Written by Michael Mantz, M.D.
Most of us are familiar with the 5 basic senses: sight, sound, smell, taste and touch. As a group they are known as our exteroceptive senses – they take in information from our external environment to help create our experience of the external world.
Our 6th sense, interoception (intero = internal and ception = receiving), takes in information from our internal environment (body signals and internal feeling states) to help create the experience of our body.
In my last article, I discussed a 3-element model that deconstructs our emotions and provides a map to help you better understand them and how to work with them in a constructive way In my last article,. The 3rd element in this model – body sensations – form the heart of our emotions.
Recent neuroscience provides powerful evidence that becoming more adept at sensing your body sensations (interoception) improves your ability to make complex decisions, creatively problem-solve, empathize, and socialize. (I will discuss the scientific studies about this in an upcoming article.)
In this article we will break the ice into the interesting inner world of interoception and provide basic interoceptive practices to help you get started in developing this powerful 6th sense.
Our 6th sense usually presents itself as diffuse signals with ill-defined boundaries. When you have indigestion you can feel unpleasant sensations in your abdomen but you will have difficulty knowing exactly where you feel your discomfort. This vagueness quality makes it difficult for many of us to learn how to describe what we feel when we sense our bodies.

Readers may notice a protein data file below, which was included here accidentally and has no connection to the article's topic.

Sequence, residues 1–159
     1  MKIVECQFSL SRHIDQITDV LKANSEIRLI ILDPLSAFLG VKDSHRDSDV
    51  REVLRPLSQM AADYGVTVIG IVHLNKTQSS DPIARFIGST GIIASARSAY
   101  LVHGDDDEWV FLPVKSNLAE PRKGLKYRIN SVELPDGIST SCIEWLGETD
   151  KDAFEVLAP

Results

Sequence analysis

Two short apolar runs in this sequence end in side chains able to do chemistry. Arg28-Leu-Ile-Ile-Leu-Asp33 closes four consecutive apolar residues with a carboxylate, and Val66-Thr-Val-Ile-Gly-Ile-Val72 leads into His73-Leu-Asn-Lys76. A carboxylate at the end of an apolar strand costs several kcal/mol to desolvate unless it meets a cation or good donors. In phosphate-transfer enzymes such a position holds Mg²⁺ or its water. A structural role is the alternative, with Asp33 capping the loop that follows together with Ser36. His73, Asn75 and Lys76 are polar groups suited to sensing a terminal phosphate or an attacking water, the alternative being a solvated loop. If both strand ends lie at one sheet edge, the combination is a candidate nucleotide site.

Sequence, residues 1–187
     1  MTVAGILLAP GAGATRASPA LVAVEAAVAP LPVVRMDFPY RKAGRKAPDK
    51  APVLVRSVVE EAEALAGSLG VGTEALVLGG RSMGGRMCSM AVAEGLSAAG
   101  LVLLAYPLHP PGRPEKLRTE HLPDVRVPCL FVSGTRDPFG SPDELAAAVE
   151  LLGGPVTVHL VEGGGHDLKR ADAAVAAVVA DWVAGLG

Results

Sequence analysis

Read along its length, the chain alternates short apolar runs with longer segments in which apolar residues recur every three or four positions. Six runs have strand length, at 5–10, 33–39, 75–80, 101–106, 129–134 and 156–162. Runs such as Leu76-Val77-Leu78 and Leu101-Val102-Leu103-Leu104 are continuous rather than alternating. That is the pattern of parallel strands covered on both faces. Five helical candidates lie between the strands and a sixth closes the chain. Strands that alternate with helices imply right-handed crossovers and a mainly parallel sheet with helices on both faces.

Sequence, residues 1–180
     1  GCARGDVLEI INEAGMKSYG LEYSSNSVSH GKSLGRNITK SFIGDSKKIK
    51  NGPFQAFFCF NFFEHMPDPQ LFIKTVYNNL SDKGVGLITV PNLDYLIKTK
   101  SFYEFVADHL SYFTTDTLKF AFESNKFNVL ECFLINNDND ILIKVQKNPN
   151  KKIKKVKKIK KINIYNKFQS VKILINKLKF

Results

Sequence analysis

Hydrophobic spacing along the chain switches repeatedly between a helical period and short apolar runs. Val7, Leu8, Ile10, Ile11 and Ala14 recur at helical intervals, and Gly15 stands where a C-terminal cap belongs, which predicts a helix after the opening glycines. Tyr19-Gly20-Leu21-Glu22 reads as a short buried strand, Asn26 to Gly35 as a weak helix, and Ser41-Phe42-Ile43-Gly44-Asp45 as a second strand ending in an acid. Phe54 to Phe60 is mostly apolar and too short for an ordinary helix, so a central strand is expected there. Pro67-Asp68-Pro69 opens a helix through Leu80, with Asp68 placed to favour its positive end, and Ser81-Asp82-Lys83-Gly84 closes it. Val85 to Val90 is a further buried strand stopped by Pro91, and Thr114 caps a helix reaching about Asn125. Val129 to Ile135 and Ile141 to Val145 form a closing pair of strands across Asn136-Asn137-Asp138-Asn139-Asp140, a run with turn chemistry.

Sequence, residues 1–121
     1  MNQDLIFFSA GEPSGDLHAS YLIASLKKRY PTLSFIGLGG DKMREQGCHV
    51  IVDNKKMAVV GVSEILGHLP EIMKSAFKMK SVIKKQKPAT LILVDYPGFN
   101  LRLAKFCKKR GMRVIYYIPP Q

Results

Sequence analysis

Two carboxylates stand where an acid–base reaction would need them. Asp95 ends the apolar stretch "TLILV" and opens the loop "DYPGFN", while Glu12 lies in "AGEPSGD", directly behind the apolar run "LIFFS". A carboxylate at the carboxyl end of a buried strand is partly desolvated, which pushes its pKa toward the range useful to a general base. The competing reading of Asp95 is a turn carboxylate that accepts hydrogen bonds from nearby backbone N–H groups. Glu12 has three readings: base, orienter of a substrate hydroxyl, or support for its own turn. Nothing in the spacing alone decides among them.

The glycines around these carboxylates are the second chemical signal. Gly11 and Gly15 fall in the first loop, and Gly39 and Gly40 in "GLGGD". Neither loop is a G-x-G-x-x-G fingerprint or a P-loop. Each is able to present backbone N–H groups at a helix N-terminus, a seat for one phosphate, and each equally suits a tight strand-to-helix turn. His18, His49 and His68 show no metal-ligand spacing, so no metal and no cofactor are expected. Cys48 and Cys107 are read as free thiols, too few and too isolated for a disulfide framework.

In order to make it easier for you to translate your 6th sense, here is a partial list of descriptors to start building your interoceptive vocabulary:
The feedback signal that you get from your body when you’re trying to do something that you cannot do is frustration and irritation. Use any frustration or irritation you may experience as an alarm clock to check-in with your body and let go of any attempts to fish for your body sensations and try to feel them more.
Note: Recent experiments have demonstrated that one of the most significant factors contributing to anxiety is the lack of ability to disengage one’s attention from unhelpful scary thoughts about the future and bringing it towards experiencing the present moment directly.
Here are some beginning exercises to help you build your 6th sense and to learn to harness one of the most powerful capacities to make sense of and act wisely on your emotions and what is going on in your life.